Valid for Submission
G71.14 is a billable diagnosis code used to specify a medical diagnosis of drug induced myotonia. The code G71.14 is valid during the fiscal year 2021 from October 01, 2020 through September 30, 2021 for the submission of HIPAA-covered transactions.
The ICD-10-CM code G71.14 might also be used to specify conditions or terms like myotonia due to drug.
Tabular List of Diseases and Injuries
The Tabular List of Diseases and Injuries is a list of ICD-10 codes, organized "head to toe" into chapters and sections with guidance for inclusions, exclusions, descriptions and more. The following references are applicable to the code G71.14:
Use Additional CodeUse Additional Code
The “use additional code” indicates that a secondary code could be used to further specify the patient’s condition. This note is not mandatory and is only used if enough information is available to assign an additional code.
Index to Diseases and Injuries
The Index to Diseases and Injuries is an alphabetical listing of medical terms, with each term mapped to one or more ICD-10 code(s). The following references for the code G71.14 are found in the index:
The following clinical terms are approximate synonyms or lay terms that might be used to identify the correct diagnosis code:
- Myotonia due to drug
Convert G71.14 to ICD-9 Code
Information for Patients
Also called: Side effects
Most of the time, medicines make our lives better. They reduce aches and pains, fight infections, and control problems such as high blood pressure or diabetes. But medicines can also cause unwanted reactions.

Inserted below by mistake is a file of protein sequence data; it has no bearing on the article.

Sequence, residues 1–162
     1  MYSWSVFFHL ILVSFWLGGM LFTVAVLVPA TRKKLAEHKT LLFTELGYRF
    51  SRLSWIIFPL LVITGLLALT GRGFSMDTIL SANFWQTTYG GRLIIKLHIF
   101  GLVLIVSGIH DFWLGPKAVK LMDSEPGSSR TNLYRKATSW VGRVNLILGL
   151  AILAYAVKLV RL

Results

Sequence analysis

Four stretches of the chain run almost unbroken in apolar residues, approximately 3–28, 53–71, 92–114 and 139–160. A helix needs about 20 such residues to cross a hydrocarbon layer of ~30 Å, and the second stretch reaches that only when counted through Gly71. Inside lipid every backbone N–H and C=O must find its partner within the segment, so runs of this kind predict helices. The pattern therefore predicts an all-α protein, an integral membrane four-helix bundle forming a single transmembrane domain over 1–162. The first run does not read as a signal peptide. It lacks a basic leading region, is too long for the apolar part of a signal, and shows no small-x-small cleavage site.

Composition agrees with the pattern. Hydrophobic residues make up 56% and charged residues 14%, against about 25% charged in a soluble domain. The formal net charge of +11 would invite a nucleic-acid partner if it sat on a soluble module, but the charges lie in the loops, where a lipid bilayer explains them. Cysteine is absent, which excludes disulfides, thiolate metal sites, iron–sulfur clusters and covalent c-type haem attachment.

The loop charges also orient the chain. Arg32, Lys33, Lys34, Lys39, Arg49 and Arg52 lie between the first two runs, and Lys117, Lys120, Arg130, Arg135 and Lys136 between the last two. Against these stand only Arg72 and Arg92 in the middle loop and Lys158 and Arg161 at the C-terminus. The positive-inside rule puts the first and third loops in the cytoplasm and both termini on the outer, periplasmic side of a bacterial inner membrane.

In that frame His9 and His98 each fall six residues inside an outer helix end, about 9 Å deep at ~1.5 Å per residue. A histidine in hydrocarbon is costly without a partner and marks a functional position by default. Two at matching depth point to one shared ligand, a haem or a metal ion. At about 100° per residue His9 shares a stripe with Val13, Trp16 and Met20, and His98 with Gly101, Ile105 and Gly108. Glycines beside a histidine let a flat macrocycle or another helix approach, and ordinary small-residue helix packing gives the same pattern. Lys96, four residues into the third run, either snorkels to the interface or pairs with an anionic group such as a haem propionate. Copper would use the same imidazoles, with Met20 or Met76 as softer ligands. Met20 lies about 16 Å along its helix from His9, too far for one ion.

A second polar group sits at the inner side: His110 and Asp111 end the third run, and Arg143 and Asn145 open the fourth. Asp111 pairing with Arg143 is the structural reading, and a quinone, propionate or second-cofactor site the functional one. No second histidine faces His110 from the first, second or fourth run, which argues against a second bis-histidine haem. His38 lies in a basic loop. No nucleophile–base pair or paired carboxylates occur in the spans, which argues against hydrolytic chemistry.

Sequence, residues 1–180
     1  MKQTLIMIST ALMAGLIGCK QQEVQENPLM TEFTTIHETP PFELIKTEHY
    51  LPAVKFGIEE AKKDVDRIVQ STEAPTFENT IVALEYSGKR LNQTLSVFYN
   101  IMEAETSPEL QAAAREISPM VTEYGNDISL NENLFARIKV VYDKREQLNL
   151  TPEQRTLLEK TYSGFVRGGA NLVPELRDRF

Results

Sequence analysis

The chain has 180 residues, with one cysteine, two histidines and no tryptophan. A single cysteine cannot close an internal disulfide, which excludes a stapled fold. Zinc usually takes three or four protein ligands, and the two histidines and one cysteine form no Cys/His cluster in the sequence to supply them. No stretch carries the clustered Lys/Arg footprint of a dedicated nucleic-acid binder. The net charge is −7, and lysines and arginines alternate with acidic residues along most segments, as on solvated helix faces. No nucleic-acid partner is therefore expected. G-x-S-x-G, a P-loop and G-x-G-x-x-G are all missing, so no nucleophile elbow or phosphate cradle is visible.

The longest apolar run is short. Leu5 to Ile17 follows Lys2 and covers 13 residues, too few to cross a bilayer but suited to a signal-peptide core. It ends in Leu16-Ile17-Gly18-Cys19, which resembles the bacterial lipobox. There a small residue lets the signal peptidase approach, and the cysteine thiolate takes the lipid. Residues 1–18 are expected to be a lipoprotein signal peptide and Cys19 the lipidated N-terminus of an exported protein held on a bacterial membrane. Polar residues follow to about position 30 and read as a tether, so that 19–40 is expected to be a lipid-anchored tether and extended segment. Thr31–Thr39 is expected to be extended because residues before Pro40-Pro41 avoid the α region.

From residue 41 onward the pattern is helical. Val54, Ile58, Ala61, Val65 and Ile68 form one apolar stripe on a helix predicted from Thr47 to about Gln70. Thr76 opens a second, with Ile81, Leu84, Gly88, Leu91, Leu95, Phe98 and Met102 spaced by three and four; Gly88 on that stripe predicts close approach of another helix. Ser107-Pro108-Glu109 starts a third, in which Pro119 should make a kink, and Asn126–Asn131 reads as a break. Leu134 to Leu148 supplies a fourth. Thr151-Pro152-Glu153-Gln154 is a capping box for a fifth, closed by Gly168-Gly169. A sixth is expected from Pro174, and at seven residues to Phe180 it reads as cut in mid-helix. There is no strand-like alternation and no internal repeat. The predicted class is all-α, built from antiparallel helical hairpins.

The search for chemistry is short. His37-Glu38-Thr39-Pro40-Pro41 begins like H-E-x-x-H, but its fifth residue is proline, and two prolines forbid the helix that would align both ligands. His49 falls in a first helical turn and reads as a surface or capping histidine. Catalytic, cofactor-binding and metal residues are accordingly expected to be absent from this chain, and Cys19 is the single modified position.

One problem is interactions, which may occur between
- Two drugs, such as aspirin and blood thinners
- Drugs and food, such as statins and grapefruit
- Drugs and supplements, such as ginkgo and blood thinners
- Drugs and diseases, such as aspirin and peptic ulcers
Interactions can change the actions of one or both drugs. The drugs might not work, or you could get side effects.
Side effects are unwanted effects caused by the drugs. Most are mild, such as a stomach aches or drowsiness, and go away after you stop taking the drug. Others can be more serious.
Drug allergies are another type of reaction. They can be mild or life-threatening. Skin reactions, such as hives and rashes, are the most common type. Anaphylaxis, a serious allergic reaction, is more rare.
When you start a new prescription or over-the-counter medication, make sure you understand how to take it correctly. Know which other medications and foods you need to avoid. Ask your health care provider or pharmacist if you have questions.
- Angioedema (Medical Encyclopedia)
- Drug allergies (Medical Encyclopedia)
- Drug-induced diarrhea (Medical Encyclopedia)
- Drug-induced tremor (Medical Encyclopedia)
- Taking multiple medicines safely (Medical Encyclopedia)
Neuromuscular disorders affect your neuromuscular system. They can cause problems with
- The nerves that control your muscles
- Your muscles
- Communication between your nerves and muscles
These disorders can cause your muscles to become weak and waste away. You may also have symptoms such as spasms, twitching, and pain.
Examples of neuromuscular disorders include
- Amyotrophic lateral sclerosis
- Muscular dystrophy
- Myasthenia gravis
- Spinal muscular atrophy
There can be different causes for these diseases. Many of them are genetic.This means they are inherited (run in families) or are caused by a new mutation in your genes. Some neuromuscular disorders are autoimmune diseases. Sometimes the cause is not known.
Many neuromuscular diseases have no cure. But treatments may improve symptoms, increase mobility, and lengthen life.
- Apraxia (Medical Encyclopedia)
- Hand or foot spasms (Medical Encyclopedia)
- Muscle atrophy (Medical Encyclopedia)
- Muscle function loss (Medical Encyclopedia)
- Muscle twitching (Medical Encyclopedia)
- Myotonia congenita (Medical Encyclopedia)
- Spasticity (Medical Encyclopedia)